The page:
Khirbet 'Auja el-Foqa (2018-2019)
Khirbet ʿAuja el-Foqa is a well-preserved fortified city on a hill about two miles southwest of el-Mastarah. The British survey visited the site in 1874 and, once they reported that it was the ruin of a modern village, no one bothered to visit it again for nearly 130 years. The survey of Manasseh visited the site in 2003 and conducted a thorough survey, followed by a detailed report of their findings. The site has never been excavated, however.
ʿAuja el-Foqa is on a high hill isolated by steep slopes, rising about 100 meters above the valley below. We climbed the stony peak and found the settlement surrounded by a casemate wall with more than 20 casemate rooms in it. The remains of a tower are located at the center of the site, as well as numerous buildings across the site, including what may be the remains of a four-room house. The structures are very well-preserved, with walls standing up to 2 meters in height. In a number of locations on the site, we could see the remains of earlier structures underneath those on the surface. Ninety percent of the pottery collected dated to the Iron Age, and the survey concluded that the site was a fortified town during the Iron Age II (1000-586 BCE). However, the site may have been founded earlier, as earlier structures indicate.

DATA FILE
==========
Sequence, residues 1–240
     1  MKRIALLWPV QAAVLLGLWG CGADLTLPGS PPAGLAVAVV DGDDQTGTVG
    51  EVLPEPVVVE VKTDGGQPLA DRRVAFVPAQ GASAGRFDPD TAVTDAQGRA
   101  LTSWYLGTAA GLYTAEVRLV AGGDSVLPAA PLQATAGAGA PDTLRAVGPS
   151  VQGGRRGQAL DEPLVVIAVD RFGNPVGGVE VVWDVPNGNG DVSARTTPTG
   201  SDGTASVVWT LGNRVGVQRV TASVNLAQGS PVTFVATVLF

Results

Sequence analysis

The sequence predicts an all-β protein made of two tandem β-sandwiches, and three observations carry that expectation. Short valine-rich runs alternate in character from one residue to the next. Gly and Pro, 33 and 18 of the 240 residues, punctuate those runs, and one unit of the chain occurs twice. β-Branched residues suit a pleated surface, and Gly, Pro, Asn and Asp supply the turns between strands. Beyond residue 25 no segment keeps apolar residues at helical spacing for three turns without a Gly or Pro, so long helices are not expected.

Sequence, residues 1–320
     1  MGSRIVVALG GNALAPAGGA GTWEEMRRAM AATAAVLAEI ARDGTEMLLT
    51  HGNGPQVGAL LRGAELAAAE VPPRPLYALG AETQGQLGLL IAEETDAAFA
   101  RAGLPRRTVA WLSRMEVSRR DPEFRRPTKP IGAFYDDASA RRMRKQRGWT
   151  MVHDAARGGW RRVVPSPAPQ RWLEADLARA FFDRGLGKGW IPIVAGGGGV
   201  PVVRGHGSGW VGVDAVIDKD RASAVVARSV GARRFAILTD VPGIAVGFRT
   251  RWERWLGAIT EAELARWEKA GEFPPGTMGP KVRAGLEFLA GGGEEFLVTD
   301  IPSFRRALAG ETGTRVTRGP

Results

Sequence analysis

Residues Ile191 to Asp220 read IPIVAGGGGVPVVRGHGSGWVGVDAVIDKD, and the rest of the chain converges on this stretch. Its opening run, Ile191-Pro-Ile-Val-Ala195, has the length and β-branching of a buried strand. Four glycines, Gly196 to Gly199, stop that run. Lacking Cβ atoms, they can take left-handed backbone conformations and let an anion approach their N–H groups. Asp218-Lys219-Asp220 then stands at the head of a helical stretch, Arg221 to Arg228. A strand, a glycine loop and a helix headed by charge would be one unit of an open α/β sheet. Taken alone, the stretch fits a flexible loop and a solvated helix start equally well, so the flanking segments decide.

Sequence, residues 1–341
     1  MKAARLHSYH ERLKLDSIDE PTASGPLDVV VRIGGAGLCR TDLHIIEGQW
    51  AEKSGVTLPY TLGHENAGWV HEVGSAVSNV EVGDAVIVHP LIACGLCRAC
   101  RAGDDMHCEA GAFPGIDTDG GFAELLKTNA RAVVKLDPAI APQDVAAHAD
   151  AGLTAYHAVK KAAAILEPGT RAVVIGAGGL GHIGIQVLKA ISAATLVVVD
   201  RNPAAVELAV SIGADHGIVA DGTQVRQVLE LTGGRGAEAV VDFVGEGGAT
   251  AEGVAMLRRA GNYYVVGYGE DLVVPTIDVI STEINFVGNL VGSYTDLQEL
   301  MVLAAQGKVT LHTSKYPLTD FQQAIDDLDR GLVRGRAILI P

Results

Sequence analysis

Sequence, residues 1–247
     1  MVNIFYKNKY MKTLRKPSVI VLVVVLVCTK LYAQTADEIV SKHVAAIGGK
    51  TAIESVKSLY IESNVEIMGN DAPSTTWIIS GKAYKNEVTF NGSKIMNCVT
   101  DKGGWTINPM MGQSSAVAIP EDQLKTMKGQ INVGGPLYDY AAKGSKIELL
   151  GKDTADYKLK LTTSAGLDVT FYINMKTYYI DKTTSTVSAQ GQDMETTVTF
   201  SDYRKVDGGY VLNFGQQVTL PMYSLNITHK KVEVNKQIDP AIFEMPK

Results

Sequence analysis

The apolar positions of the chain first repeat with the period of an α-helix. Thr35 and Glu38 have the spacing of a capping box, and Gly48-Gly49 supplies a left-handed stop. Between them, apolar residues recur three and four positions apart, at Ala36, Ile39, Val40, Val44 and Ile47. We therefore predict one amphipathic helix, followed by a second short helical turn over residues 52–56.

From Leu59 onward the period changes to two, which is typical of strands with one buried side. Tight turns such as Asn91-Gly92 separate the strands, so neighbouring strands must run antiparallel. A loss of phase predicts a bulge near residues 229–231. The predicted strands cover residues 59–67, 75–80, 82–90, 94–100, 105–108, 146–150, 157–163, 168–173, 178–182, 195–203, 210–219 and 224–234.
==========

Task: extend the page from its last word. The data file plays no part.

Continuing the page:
Zertal identified ʿAuja el-Foqa with the site of Ataroth, mentioned in the description of the Manasseh-Ephraim boundary in Josh 16:5, on the basis its location as well as on the meaning of its name. The name Ataroth means “crown,” and the site crowns the hilltop. Shmuel Ahituv has recently proposed identifying ʿAuja el-Foqa as Na’arta, a central administrative site in the Jericho region mentioned in a recently discovered 7th century BCE papyrus as the source of a shipment of wine to Jerusalem. In either case, the site was clearly a military and administrative center in the Jordan Valley, and may yield important evidence about the administration of Judah in this region during the Iron II (1000-586 BCE). JVEP plans to launch excavations at ‘Auja el-Foqa in 2019.